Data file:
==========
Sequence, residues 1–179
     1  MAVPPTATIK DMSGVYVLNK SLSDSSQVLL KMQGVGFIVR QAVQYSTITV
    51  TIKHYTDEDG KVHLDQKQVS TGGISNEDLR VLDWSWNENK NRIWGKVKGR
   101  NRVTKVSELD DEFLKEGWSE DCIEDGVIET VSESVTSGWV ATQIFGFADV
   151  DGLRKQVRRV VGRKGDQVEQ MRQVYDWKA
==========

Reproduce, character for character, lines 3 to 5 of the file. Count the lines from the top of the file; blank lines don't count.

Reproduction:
    51  TIKHYTDEDG KVHLDQKQVS TGGISNEDLR VLDWSWNENK NRIWGKVKGR
   101  NRVTKVSELD DEFLKEGWSE DCIEDGVIET VSESVTSGWV ATQIFGFADV
   151  DGLRKQVRRV VGRKGDQVEQ MRQVYDWKA